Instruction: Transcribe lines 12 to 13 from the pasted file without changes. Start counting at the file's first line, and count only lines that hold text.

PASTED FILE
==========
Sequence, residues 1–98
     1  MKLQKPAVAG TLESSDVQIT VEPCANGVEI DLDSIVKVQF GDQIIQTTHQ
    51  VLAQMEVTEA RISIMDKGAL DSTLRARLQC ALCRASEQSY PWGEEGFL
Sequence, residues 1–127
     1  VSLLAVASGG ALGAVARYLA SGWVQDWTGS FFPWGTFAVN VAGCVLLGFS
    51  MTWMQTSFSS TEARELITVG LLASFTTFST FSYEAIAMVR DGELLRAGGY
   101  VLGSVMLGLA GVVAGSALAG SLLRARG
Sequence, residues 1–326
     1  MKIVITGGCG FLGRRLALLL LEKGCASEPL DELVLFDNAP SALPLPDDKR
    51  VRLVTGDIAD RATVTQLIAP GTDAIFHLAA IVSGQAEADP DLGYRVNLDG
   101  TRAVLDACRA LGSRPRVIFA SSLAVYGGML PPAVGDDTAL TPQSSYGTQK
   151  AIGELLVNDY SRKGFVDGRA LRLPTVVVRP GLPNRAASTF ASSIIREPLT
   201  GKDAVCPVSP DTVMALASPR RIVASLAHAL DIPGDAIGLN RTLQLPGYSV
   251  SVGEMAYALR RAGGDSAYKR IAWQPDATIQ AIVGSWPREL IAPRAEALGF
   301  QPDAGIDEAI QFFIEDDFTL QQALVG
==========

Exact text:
   151  AIGELLVNDY SRKGFVDGRA LRLPTVVVRP GLPNRAASTF ASSIIREPLT
   201  GKDAVCPVSP DTVMALASPR RIVASLAHAL DIPGDAIGLN RTLQLPGYSV